The best and worst part of fostering

Anyone who’s fostered animals probably knows exactly what I mean without reading further.

There is one day of fostering that makes a foster parent want to jump for joy and go curl up in a bleary-eyed ball all at once.

It’s not during the first few days when a new puppy is still having accidents, learning that the couches are not toys, and crying at night.

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It’s not when a dog is having such a difficult time learning a desired behavior despite doing all the “right” things, and you begin to hope desperately that your newly thought up, offbeat technique will be the one that clicks with them – and soon.

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Stuffed Kong? No thanks. Empty Kong that once held dinner? Yes, please!

It’s not that moment you realize your foster is a completely different, better behaved, and more mature version of themselves than just a few months prior and you wonder why hardly anyone has expressed legitimate interest in adopting this great dog and whether that adoption will ever happen.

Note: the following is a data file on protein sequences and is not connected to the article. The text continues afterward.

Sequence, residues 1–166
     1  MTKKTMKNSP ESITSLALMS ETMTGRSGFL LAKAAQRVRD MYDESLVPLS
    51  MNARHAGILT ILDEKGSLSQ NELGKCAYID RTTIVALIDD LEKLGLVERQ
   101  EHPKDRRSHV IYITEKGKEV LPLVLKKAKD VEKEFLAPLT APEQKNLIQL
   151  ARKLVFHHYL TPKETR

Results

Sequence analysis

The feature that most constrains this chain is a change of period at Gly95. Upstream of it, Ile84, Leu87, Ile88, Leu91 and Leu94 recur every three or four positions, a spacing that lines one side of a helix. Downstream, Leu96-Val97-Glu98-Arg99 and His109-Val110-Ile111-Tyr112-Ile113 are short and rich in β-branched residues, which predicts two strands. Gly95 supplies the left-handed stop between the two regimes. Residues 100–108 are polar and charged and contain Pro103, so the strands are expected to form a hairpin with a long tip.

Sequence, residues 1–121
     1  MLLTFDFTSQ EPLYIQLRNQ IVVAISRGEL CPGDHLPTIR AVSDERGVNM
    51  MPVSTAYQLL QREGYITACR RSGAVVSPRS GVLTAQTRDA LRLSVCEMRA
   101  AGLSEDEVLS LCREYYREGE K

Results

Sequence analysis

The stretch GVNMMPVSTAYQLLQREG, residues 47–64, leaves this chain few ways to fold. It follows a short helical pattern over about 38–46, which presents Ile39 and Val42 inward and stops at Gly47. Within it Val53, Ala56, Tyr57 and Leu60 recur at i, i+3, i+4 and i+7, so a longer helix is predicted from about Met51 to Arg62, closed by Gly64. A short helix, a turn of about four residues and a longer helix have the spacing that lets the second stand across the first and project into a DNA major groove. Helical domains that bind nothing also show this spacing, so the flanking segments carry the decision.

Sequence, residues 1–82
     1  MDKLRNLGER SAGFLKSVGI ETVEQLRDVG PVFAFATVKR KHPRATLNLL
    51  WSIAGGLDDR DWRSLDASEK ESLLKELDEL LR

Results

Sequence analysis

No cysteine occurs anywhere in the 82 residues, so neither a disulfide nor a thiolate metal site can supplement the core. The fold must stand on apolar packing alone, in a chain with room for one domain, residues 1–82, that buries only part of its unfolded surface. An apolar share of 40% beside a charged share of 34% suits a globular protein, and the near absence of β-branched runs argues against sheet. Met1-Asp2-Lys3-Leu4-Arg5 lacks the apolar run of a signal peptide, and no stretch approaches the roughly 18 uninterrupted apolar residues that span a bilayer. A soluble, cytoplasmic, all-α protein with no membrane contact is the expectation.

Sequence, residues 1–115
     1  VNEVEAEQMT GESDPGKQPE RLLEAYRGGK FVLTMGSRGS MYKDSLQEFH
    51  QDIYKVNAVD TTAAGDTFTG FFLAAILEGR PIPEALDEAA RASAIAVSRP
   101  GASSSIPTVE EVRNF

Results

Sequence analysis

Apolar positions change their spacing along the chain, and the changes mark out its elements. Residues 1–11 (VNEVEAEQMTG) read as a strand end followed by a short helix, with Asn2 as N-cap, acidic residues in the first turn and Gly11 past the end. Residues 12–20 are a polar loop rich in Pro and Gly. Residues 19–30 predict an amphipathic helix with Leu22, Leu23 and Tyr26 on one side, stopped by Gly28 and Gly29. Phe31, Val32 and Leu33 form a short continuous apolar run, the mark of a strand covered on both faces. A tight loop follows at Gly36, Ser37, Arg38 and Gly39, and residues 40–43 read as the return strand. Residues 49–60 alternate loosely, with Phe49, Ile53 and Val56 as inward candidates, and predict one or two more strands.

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The first time I saw this fun, loving boy, he was cowering against a wall of files at the clinic.

Oh, and it’s something that occasionally, a foster parent doesn’t go through due to a decision they’ve made.

All in all, that pretty much sums up yesterday at the CfB household.

Non-fosters, any guesses as to what’s going on here?

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About Couches for Breakfast

Ventures into fosterhood
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4 Responses to The best and worst part of fostering

  1. onedoglife says:

    Wait, that means I can’t answer because I’m a foster parent, right? Ahh, spill the beans!

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